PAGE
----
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Movie Mom

Eddie Murphy has taken his love for playing multiple roles, his love for Jerry Lewis (who also loved playing multiple roles), his love for racial humor, his love for crude humor, his love for himself, and — to be charitable — his deeply conflicted feelings about women, and made a movie that is disgusting, unfunny, dull, and an appalling waste of talent.

Its only entertainment value is in a couple of good gospel songs and its only shred of interest is as a disturbing piece of forensic evidence to help explain why one of the most talented and successful stars of the 1980’s has been making nothing but kiddie movies. Any respect he engendered by his comeback performance in Dreamgirls will be obliterated by the creepy non-funniness of this atrocity.
Eddie Murphy plays the title character, a nerdy wimp raised in an orphanage, by the choleric Chinese Mr. Wong (also Murphy). The only bright spot in his childhood is is friendship with Kate. After she is adopted, he has no one, until a large girl named Rasputia shows up and tells him he’s her boyfriend. When he grows up, he goes to work for her three thug brothers, who make a living doing construction and shaking down local businesses. And he marries Rasputia (Murphy again), now with huge, heavy rolls of fat and long, long nails.
Kate (Thandie Newton) shows up, planning to buy the orphanage and run it with her fiance, Deion (Cuba Gooding, Jr.). Is Deion sincere in his affection for Kate? Will Norbit find the courage to tell her how he feels? Will we have to see Rasputia in a skimpy bathing suit covered by rolls of fat? And getting a bikini wax?
I so wish I did not know the answers to these questions. I’d love to be able to eject all memories of this movie from my head.

Newton is so slender she makes Audrey Hepburn look like a linebacker. It’s as though she is trying to diet herself into invisibility, understandable given the hideous misogyny of the film and the thanklessness of her role. The closest thing to a bright moment comes from Eddie Giffin and Katt Williams as pimps named Pope Sweet Jesus and Lord Have Mercy. They do more with less material than Rasputia does with her skimpy lingerie.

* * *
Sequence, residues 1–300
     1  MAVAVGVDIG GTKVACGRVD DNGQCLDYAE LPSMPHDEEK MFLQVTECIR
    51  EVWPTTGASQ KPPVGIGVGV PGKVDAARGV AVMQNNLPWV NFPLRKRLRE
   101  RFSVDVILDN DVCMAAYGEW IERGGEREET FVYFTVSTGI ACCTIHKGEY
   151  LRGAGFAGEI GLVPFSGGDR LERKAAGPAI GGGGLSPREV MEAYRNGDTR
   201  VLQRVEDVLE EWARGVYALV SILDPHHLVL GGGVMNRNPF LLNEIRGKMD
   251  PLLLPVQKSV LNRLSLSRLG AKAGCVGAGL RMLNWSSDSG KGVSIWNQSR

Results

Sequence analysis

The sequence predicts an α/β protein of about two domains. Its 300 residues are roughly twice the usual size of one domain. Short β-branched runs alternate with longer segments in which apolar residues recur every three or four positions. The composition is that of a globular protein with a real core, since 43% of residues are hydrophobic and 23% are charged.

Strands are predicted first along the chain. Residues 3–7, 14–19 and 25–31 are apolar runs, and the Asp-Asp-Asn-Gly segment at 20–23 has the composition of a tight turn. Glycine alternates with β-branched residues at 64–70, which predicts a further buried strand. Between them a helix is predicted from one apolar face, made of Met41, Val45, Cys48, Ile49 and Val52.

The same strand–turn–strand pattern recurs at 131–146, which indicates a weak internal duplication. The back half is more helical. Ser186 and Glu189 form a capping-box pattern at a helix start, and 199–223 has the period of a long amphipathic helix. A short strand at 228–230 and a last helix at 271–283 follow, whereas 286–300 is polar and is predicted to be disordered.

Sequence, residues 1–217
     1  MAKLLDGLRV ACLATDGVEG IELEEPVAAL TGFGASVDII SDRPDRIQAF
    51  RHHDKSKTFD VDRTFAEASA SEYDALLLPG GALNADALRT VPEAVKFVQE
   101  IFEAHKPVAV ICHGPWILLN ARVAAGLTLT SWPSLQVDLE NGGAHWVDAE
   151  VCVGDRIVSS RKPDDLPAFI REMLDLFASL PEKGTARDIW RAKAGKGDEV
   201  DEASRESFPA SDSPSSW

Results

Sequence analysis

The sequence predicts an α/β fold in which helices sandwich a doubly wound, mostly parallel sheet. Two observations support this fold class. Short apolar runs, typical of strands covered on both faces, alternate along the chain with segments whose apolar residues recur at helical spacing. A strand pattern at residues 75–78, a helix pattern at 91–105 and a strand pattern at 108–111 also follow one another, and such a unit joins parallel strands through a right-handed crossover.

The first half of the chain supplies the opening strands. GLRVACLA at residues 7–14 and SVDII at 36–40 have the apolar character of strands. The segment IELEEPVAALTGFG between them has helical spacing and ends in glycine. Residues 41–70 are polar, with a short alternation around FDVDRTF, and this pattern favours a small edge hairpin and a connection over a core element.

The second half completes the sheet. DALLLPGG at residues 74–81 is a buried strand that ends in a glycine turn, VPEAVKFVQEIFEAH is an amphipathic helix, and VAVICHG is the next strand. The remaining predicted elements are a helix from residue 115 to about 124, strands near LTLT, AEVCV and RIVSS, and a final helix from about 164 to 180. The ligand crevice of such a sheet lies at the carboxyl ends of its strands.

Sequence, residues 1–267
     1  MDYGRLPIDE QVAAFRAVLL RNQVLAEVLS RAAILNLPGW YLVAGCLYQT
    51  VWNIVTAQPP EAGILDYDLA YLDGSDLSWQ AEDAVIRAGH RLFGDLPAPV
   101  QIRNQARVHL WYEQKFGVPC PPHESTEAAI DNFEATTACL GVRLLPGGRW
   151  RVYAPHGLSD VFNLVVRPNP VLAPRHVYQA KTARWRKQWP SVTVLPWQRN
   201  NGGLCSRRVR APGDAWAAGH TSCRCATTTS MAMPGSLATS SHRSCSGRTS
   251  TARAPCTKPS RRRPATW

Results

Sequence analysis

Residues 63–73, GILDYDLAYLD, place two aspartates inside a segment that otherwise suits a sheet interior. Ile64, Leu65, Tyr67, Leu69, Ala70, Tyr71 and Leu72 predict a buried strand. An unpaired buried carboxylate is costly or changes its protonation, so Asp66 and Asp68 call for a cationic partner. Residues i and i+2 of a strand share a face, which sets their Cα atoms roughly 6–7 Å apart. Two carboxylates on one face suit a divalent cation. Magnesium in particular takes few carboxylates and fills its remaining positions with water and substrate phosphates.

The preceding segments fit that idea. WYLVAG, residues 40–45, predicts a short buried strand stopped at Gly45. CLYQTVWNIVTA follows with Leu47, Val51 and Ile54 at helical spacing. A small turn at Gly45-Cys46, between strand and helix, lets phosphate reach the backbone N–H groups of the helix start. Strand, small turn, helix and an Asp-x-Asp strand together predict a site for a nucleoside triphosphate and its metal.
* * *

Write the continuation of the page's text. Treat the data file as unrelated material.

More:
Murphy’s real face, as the Norbit character, looks oddly stretched. And, though the story takes place in Tennessee, Norbit has a slight New York accent that echoes Jerry Lewis. His characters are all about the externals, shtick-ish and superficial.

In one scene, Norbit puts on a puppet show for the children and can’t help himself from turning it into a crude fight about infidelity. You get the sense that this is what Murphy is doing here, with the characters he plays the puppets he is using to express some of his anger at the people who want something from him, especially those rapacious women.

Murphy’s idol, Richard Pryor, had the same facilty for creating characters. And, like Murphy, he had some anger issues. But all of Murphy’s meticulous observation of Pryor missed the key point — Pryor brought a depth of understanding, humanity, and compassion to his characters — even a drug addict, even a neighbor’s dog that killed his favorite pet monkeys, even a crack pipe, even, though also the subject of some of his anger, himself. Murphy keeps it superficial and self-servingly egotistical, with characters and situations barely enough to sustain a seven-minute skit. No matter how many characters he plays, they are as artificial as Rasputia’s nails. Under the latex there is nothing but more latex.

Parents should know that this is an extremely crude and vulgar film, with much of the humor based on the idea of having sex with an enormously overweight woman. Two characters are pimps and there are references to prostitutes and paying for sex, to “old pervs,” and to a bar with nude entertainment. There is brief nudity. Characters use crude and strong language and racial epithets and insults, including inappropriate material in front of children.
Families who are interested in this film will probably prefer the better slob- comedies-with-heart Shallow Hal, Saving Silverman, The Jerk, and Big Mama’s House. They will also enjoy Murphy’s best work, on “Saturday Night Live” and in 48 Hours and Beverly Hills Cop and some of the Jerry Lewis films that inspired him, like Cinderfella.

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